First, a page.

The self-regulation model of illness applied to smoking behavior in lung cancer

Kristine K. Browning, Mary Ellen Wewers, Amy K. Ferketich, Gregory A. Otterson, Nancy R. Reynolds

Research output: Contribution to journalArticlepeer-review

20 Scopus citations


Thirteen to 20% of lung cancer patients continue to smoke after diagnosis. Guided by Self-regulation Theory, the purpose of this study was to examine illness perceptions over time in a sample of lung cancer patients. This prospective 1-group descriptive longitudinal design study included participants 18 years or older, with a lung cancer diagnosis within the past 60 days who self-reported smoking within the past 7 days. At baseline, patients completed a sociodemographics and tobacco use history questionnaire. The Illness Perception Questionnaire-Revised (IPQ-R) was repeated at 3 time points (baseline, 2-4 weeks, and 6 months). Fifty-two participants provided data for the IPQ-R at baseline, 47 at 2 to 4 weeks, and 29 at 6 months. Differences between mean scores for each illness representation attribute of the IPQ-R at repeated time points were calculated by within-subjects repeated-measures analysis of variance and Wilcoxon Signed-Rank Tests. Identity (baseline vs 2-4 weeks: P = .026; baseline vs 6 months: P = .005) and acute/chronic timeline (P = .018) mean scores significantly increased over time; personal and treatment control mean scores significantly decreased over time (P = .007 and P = .047, respectively). Understanding the context in which a patient perceives disease and smoking behavior may contribute to developing interventions that influence behavior change.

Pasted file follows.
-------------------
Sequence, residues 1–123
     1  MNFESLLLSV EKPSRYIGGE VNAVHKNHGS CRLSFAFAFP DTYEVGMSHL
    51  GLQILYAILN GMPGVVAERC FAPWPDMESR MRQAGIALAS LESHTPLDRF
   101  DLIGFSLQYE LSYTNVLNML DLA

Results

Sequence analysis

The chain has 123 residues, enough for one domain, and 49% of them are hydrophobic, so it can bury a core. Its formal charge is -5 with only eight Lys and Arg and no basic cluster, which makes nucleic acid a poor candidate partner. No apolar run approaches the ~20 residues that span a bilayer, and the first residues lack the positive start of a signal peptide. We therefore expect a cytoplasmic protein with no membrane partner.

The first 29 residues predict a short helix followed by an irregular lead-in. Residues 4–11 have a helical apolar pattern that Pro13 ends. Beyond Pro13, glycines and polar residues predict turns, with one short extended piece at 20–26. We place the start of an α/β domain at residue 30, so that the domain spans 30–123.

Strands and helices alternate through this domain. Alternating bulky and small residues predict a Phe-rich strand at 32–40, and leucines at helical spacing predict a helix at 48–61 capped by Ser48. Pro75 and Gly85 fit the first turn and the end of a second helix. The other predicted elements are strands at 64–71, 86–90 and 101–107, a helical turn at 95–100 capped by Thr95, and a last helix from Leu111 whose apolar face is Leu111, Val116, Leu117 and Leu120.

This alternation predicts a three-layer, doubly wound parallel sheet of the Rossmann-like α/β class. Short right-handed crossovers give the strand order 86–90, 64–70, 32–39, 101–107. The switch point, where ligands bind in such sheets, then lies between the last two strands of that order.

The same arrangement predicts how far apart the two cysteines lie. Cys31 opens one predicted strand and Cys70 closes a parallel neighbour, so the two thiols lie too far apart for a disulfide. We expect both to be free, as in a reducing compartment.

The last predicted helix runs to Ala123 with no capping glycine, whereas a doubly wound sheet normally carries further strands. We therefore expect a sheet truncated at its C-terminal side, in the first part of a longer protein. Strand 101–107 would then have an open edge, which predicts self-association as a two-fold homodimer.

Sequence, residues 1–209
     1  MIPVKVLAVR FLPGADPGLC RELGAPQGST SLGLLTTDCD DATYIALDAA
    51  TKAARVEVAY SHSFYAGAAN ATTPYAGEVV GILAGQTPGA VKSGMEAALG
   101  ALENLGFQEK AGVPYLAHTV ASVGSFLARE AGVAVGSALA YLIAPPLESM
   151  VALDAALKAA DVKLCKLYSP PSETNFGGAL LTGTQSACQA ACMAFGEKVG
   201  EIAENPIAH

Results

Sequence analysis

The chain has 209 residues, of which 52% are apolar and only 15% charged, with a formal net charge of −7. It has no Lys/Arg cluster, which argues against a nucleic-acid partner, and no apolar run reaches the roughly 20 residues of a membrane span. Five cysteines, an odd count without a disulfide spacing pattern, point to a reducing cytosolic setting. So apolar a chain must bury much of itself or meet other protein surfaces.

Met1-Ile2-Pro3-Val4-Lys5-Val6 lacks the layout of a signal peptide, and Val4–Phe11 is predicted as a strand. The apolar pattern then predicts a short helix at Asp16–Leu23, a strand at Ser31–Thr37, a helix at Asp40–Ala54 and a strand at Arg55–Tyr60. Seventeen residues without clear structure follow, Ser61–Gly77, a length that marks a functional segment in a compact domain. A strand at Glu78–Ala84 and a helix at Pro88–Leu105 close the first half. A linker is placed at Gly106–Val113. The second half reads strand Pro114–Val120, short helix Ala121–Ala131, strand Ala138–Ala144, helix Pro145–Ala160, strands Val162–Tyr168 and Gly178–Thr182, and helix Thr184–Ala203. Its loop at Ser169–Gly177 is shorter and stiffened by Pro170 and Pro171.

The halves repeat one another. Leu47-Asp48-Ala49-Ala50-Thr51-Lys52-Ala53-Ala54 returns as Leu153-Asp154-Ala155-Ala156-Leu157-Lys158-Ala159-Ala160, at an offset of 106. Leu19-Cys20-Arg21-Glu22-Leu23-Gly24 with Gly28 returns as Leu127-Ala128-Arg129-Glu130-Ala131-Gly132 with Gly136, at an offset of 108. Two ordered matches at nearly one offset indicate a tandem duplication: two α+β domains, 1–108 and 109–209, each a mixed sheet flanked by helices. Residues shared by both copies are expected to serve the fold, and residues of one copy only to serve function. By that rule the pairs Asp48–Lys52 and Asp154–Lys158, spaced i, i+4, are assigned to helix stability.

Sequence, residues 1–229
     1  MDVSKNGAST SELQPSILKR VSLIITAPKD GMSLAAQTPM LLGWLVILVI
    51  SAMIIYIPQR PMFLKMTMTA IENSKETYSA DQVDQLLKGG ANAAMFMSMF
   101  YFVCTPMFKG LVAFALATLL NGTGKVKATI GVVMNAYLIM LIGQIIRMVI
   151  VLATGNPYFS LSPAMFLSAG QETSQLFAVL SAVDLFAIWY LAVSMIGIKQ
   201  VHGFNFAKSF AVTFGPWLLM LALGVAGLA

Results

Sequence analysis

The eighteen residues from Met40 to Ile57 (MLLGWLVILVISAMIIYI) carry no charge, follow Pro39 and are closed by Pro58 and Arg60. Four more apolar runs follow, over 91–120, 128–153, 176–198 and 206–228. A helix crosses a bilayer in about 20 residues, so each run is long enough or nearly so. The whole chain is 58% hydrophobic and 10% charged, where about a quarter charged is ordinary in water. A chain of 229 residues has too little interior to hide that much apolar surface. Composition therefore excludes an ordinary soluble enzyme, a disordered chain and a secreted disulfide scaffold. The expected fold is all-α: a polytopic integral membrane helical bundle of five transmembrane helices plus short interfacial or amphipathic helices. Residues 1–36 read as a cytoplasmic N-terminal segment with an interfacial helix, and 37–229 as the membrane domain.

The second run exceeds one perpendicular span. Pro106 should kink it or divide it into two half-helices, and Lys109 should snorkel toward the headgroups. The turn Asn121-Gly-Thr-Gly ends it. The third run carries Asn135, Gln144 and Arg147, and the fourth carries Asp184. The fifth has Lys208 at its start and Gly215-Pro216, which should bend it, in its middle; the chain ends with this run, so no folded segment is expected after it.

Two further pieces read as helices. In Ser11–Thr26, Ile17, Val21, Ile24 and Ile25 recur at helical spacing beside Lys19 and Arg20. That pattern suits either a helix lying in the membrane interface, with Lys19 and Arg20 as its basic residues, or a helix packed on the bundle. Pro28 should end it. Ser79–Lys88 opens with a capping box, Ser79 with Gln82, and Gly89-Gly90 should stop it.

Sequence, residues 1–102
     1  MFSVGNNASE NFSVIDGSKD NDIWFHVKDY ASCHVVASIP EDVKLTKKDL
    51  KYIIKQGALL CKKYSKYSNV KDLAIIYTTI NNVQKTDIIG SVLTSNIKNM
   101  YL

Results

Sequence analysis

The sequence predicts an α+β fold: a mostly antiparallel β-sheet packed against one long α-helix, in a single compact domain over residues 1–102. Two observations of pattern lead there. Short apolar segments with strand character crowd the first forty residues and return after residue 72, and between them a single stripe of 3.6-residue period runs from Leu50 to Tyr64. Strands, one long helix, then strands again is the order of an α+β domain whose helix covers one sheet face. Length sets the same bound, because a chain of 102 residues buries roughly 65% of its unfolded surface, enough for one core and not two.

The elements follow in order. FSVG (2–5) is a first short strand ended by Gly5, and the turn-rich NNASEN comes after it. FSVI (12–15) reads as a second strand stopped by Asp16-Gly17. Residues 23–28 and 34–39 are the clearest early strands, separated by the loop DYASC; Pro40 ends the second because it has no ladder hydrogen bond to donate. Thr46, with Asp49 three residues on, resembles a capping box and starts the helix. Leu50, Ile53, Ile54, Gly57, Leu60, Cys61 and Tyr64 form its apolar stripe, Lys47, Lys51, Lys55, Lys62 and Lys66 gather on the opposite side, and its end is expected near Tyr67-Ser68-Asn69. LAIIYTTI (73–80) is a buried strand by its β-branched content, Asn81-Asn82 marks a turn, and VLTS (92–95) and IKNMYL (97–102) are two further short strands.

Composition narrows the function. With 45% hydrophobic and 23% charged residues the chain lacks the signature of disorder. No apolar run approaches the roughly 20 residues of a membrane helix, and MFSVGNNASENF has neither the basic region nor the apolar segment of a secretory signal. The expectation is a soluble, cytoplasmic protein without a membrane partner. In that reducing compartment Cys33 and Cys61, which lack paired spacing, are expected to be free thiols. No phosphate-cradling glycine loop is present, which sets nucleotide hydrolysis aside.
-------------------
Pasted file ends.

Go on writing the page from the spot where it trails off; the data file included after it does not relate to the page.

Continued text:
Original languageEnglish (US)
Pages (from-to)E15-E25
JournalCancer nursing
Issue number4
StatePublished - Jul 2009
Externally publishedYes


  • Common-sense model
  • Illness cognitions
  • Illness representation
  • Lung cancer
  • Self-regulation Theory
  • Smoking behavior

ASJC Scopus subject areas

  • Oncology
  • Oncology(nursing)


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